Hong-Hsi Lee^{1}, Daniel K. Sodickson^{1}, and Riccardo Lattanzi^{1}

Ultimate intrinsic SNR (UISNR) is the theoretically highest SNR for given geometry and electrical properties, independent of the coil design. Here, we introduce an analytic exact expression to calculate the UISNR at the sphere center, enabling to directly analyze the dependence on main magnetic field, sample geometry and electric properties. The analytic expression can approximate the UISNR near the center with < 5% error. This work can enable people without access to the full simulation code to calculate UISNR and use it, for example, as an absolute reference to assess the performance of head coils with spherical phantoms.

All equations are defined in **Fig.1**. The receive sensitivity
$$$B_x(r)-iB_y(r)$$$ (Eq.(1)) inside a dielectric sphere of radius
$$$a<b$$$, where $$$b$$$ is the radius of the surface where the current
modes are defined, is determined by the vector wave functions $$$M_{l,m}$$$ and
$$$N_{l,m}$$$ (Eq.(2)).

At the sphere center ($$$r\to0$$$), we found that
$$$M_{l,m}(r\to0)=0$$$ $$$\forall (l,m)$$$ and $$$N_{l,m}(r\to0)=0$$$
$$$\forall (l,m)$$$, except $$$N_{1,1}$$$, $$$N_{1,0}$$$, and $$$N_{1,-1}$$$ (Eq.(3)).
Substituting Eq.(3) into Eq.(1), we see that only $$$N_{1,1}$$$ contributes to the
receive sensitivity at the center, meaning that the corresponding UISNR ($$$\zeta_{r\to0}$$$)
is completely determined by one divergence-free current mode. This explains why
the corresponding shape of the ideal current patterns [5] does not change with
field strength (**Fig.2**), and indicates that loops are the optimal coil elements to
maximize central SNR.

The analytic expression for $$$\zeta_{r\to0}$$$ is given in Eq.(4), which explicitly shows the dependence of $$$\zeta_{r\to0}$$$ on radius and wave number (electrical properties) of the dielectric sphere.

To validate the analytic solution, we investigated the dependence of $$$\zeta_{r\to0}$$$ on main magnetic field strength $$$B_0$$$ and compared the results with corresponding DGF simulation results, with expansion order $$$l_{max}=55$$$. Average brain tissue was used for the dielectric properties of the sphere, $$$\epsilon_r$$$ and $$$\sigma$$$ [4]. We also tested the case with conductivity $$$\sigma$$$ equals to $$$10^{-5}(\Omega^{-1}m^{-1})$$$ to approximate the lossless condition as in Ref. [4].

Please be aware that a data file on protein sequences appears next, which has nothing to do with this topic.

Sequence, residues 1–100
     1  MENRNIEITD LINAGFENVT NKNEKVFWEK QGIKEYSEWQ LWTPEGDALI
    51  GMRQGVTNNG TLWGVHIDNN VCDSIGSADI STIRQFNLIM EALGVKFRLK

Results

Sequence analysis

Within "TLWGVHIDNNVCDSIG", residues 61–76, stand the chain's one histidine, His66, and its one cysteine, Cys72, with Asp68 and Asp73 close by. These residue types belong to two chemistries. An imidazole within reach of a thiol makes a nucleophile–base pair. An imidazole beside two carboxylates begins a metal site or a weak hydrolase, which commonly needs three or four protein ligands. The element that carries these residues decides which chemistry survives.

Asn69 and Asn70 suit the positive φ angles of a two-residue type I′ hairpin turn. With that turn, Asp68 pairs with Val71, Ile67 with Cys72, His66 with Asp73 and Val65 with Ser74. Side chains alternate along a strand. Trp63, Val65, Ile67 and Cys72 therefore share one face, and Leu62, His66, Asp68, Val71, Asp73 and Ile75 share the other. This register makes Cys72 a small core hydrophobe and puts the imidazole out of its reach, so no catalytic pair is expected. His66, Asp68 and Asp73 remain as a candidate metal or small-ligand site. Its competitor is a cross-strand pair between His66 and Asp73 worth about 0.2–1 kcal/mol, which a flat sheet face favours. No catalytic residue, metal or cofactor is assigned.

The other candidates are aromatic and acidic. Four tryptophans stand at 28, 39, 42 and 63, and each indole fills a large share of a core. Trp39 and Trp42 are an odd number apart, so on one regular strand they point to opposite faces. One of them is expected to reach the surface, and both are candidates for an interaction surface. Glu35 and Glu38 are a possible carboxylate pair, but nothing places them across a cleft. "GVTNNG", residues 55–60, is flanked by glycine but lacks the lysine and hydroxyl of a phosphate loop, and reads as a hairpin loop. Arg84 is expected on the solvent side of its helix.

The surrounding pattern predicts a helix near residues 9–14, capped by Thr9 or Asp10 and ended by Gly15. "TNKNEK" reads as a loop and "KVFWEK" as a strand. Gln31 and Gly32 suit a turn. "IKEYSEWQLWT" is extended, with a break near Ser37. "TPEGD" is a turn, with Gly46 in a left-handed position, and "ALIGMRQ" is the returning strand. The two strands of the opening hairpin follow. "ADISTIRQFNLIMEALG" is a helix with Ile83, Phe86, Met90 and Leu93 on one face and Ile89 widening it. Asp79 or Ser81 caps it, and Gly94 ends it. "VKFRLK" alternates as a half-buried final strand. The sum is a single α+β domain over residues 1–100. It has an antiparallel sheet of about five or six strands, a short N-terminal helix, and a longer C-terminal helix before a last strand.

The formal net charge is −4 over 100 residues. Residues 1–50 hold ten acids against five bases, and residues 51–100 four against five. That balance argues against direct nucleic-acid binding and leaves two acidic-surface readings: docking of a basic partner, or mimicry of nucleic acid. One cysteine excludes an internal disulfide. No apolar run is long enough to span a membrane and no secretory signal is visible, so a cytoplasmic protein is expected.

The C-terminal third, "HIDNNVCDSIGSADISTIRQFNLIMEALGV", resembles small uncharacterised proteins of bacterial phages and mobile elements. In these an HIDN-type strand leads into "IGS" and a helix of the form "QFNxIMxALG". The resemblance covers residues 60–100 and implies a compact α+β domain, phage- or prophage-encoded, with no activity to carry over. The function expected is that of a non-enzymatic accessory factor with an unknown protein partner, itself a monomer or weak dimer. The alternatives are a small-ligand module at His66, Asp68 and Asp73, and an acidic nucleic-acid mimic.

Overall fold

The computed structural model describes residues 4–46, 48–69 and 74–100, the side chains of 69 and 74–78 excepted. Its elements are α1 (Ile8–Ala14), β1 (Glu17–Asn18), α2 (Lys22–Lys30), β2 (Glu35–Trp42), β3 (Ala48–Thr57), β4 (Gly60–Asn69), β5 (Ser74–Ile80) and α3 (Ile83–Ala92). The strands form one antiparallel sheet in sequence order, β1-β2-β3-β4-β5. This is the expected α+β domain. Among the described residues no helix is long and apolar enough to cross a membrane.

We used the analytic expression to study the dependence of $$$\zeta_{r\to0}$$$ on the sphere radius ($$$a$$$) and the radius of the surface where the current distribution is defined ($$$b$$$).

Finally, we investigated how the UISNR ($$$\zeta_r$$$) varies with the distance $$$r$$$ from the center, either along the x-y plane or z-axis ($$$B_0$$$ direction), and determined the range for which the UISNR can be approximated by the value at the center ($$$\zeta_{r\to0}$$$).

**Fig.3** shows the double-logarithmic plots of $$$\zeta_{r\to0}
vs. B_0$$$ for $$$B_0$$$=0.5-12 T, replicating the plots in fig.6 of Ref. [4]. The
$$$\zeta_{r\to0}$$$ based on the analytic solution (solid lines) was consistent
with the results in Ref. [4], which used a multipole expansion to calculate
UISNR, and also with values calculated with full DGF simulations (data points).
**Fig.3** shows that $$$\zeta_{r\to0}$$$ is approximately linear with respect to
$$$B_0$$$ at low $$$B_0$$$ and increase nonlinearly ~$$${B_0}^n$$$ with an
exponent $$$n>1$$$ at high $$$B_0$$$, compatible to published results [4].

The sensitivity of the central UISNR with respect to changes
in sphere radius ($$$\partial_a\zeta_{r\to0}$$$) and current radius ($$$\partial_b\zeta_{r\to0}$$$)
is shown in **Fig.4**. The analytic results (solid lines) agree with those from DGF
simulations (data points). The UISNR at the center grows monotonically with
sphere radius until reaching a plateau (**Fig.4a**), except at 11 T, where its
value oscillates for small sphere radii, likely due to wavelength effects.
Intuitively, since there are no conductive losses in air, $$$\zeta_{r\to0}$$$ should
not depend on the radius at which the current distribution is defined ($$$b$$$).
This is, in fact, confirmed by the analytic expression (Eq.(4)) and by **Fig. 4b**,
where $$$\partial_b\zeta_{r\to0}=0$$$.

**Fig.5** shows that using the UISNR at the center to
approximate the UISNR for a voxel at an intermediate position
(0<$$$r/a$$$<1) on the x-y plane (**Fig. 5a**), or z-axis (**Fig. 5b**) yields an
error <5% if $$$r/a$$$<10-20%.

While an approximate solution, with very limited validity, had been proposed for the UISNR [8], our analytic solution of $$$\zeta_{r\to0}$$$ is exact and consistent to full simulations. Calculation speed is 800 times faster than for full simulations.

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[9] Lattanzi, R., et al. (2010) NMR Biomed. 23(2),142-151.